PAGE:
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Not New Coke

-first posted at RTDNA.org on October 13, 2009

If you’re reading this blog then by now you have discovered that what was once  “RTNDA” is now “RTDNA,” The Radio Television Digital News Association.   I won’t go into a lot of details about the specifics of the name change here – you can read those in number of other places on the RTDNA.org web site.  But what I will talk about is what the new RTDNA is not.  It is not New Coke.

If you were old enough to have been drinking something other than mother’s milk in 1985, then you probably know what New Coke is.  For those of you younger than that, I’ll give a very brief backgrounder. The Coca-Cola Company took its famously successful Coca-Cola drink and—without anyone really asking for it, changed its formula in 1985. The company didn’t actually change the name of the drink—it was still “Coca-Cola,” but after the marketing campaign touted it “the new taste of Coca-Cola,”  it was quickly dubbed “New Coke” by consumers everywhere.  The problem with New Coke was that the company took a product that everyone loved already and changed it for no apparent reason. It would be safe to say that consumers did not take well to the change in the formula of their favorite drink. Less than three months after the introduction of New Coke, Coca-Cola reintroduced “Coca-Cola Classic,” which had the taste of the original Coke formula. The whole episode has gone down in marketing history as one of the biggest blunders of all time.

When we began discussing a name change at the old RTNDA, I instantly thought of New Coke. No doubt, RTNDA was the Coca-Cola of the broadcast journalism industry. We got on top early and stayed on top as the number one association representing broadcast and electronic journalists. So was discussing a name change in the association akin to changing the formula on a product that everybody loved anyway? I knew it could be if we did not do this right. I was determined we would not make the mistake the mixers and marketers in Atlanta had done in 1985. For our product to get better we truly had to stay with the original formula as base and build upon it, adding more value, more relevance, and more worth.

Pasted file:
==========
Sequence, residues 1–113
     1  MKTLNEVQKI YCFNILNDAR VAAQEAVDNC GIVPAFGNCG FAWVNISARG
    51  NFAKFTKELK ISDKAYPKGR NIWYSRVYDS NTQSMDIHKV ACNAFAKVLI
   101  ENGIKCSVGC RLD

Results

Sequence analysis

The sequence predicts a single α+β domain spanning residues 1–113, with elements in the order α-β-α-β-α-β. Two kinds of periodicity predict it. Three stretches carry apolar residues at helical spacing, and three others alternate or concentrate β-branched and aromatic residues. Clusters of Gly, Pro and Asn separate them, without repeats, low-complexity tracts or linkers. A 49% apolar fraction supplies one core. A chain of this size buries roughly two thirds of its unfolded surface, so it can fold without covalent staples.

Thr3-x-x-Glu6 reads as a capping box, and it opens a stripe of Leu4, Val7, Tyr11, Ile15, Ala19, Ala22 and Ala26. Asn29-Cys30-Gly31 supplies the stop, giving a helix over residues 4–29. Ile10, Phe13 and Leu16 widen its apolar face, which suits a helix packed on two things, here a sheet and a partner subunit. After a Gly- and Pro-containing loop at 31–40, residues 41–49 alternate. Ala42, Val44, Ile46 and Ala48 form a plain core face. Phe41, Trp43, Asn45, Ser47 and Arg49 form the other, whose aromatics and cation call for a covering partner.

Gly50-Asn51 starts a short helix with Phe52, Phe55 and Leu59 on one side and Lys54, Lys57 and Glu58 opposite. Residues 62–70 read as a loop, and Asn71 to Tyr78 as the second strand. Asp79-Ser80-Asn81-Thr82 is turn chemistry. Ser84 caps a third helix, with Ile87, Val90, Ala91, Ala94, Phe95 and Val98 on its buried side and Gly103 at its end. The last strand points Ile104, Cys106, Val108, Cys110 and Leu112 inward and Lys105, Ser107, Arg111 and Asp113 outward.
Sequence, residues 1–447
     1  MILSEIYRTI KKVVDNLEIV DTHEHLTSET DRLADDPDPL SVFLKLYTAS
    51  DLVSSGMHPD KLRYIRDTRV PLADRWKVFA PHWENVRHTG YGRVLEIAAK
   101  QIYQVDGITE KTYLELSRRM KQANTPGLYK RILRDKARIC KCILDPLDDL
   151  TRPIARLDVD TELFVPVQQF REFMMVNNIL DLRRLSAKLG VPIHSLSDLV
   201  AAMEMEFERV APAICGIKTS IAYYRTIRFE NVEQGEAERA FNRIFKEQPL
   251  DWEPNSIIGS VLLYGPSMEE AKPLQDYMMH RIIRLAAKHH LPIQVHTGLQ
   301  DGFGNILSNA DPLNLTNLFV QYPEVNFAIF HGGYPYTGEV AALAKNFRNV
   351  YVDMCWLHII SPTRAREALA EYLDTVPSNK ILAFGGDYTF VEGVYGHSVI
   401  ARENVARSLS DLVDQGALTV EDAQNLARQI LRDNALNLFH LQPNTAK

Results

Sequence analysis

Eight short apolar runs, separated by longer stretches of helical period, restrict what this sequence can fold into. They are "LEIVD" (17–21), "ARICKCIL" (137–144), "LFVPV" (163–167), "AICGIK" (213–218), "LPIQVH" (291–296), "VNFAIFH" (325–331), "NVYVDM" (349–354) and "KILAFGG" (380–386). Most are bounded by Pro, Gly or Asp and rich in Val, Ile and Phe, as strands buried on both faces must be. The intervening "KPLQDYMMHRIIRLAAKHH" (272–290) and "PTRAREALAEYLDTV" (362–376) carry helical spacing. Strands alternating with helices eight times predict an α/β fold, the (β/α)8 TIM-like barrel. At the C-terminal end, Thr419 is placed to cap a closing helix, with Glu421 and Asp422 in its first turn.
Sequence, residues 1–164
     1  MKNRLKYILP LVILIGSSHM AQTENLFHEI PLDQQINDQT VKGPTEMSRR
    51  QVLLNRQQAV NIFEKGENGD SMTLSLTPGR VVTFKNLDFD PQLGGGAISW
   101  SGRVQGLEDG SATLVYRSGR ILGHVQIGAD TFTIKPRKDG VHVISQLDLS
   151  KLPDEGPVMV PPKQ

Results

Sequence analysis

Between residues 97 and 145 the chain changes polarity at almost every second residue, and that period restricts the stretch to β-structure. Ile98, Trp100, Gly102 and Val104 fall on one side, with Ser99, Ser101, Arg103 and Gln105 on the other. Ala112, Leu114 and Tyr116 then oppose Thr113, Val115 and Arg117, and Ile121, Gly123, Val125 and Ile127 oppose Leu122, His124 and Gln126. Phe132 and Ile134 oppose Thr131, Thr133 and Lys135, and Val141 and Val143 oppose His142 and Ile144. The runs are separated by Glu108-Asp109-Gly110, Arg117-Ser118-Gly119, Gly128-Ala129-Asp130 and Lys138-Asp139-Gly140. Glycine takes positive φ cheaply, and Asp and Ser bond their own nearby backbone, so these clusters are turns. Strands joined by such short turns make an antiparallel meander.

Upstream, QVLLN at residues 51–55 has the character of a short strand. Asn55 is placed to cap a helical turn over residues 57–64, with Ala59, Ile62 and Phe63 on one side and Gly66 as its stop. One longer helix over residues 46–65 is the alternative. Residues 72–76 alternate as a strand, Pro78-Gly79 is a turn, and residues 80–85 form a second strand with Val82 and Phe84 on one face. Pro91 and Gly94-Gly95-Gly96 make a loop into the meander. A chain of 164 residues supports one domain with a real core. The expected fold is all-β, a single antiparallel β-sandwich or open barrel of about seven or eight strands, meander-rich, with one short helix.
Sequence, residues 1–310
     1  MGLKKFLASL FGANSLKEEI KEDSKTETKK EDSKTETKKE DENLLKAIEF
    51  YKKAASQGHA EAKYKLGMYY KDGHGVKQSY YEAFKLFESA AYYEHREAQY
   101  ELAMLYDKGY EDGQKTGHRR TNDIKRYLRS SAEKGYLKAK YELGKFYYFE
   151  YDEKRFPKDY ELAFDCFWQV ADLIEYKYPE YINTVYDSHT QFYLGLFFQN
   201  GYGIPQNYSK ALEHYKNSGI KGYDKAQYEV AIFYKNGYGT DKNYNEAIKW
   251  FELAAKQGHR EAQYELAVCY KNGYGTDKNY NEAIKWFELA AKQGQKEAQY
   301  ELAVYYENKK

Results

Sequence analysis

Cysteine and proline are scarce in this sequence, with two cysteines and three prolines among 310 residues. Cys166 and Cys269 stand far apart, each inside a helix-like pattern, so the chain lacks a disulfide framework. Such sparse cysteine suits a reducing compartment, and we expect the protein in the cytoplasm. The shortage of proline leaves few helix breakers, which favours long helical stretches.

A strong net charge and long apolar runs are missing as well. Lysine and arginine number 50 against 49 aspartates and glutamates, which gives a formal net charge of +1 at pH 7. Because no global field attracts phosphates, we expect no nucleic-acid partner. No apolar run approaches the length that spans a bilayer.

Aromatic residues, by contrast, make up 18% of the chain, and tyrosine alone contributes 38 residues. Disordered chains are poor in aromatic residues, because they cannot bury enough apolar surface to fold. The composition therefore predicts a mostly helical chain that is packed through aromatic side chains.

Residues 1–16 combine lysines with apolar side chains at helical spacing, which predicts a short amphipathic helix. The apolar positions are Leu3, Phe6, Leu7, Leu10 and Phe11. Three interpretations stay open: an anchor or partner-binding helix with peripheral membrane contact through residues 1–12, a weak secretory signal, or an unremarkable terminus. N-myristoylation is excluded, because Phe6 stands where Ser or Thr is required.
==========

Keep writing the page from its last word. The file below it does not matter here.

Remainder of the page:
What would need to remain the same?  The first two letters in our old—and new—name told us that. We had represented radio successfully since 1946, and television since 1952. We knew going into this that our role as advocates for those traditional broadcast vehicles must remain as strong as ever. In fact, in these trying economic and regulatory times, we must work even harder to help keep traditional radio and television journalism strong. Broadcast news directors had been turning to us for training, for ethics help, and for First Amendment advocacy since Harry Truman was president. That could not change. And it has not. The association under its new name is just as committed to providing those broadcast services.

So what could change? Well, we took the letters N and D (that stood for “news directors”) and flipped them around to represent “digital news.” That’s a twofold change. First, getting rid of the word “directors” allows us to tell everyone that we’re more than just a managers’ organization. Sure, we have a lot of news directors as members. And we’re a great resource to which to turn for help with some of those tough managing questions. But many of our members, and many more people who use our web page regularly, are rank-and-file journalists looking for best practices to solve the problems they face in the field.  We provide those answers and many others for future managers and those who just want to remain great storytellers. With that in mind, it seemed somewhat misleading or incomplete to give people the impression with our name that we appear to represent only news directors.

By removing the news director reference in the name, we also had the opportunity to add to our mission. Radio and television are no longer the only ways our members deliver their content. The digital revolution made each and every one of us an on-line publisher. And our association has been quick to step in to help guide digital journalism just as it did more than 60 years ago with radio. So adding the word “digital” to go alongside “radio” and “television” seems only proper. That then gave us the setup to follow all three with the most important word in the name–“news”—the heart of what all of us do, regardless of platform.

So as you ponder that new logo at the top of the page and the new name that accompanies it, remember that we haven’t changed any of what you love about the association, we’ve just added more. So it’s not like we forced a new, New Coke on you with this change. It’s more like we’re still bringing you the same Coke you know and love, but in a bigger bottle to serve more.

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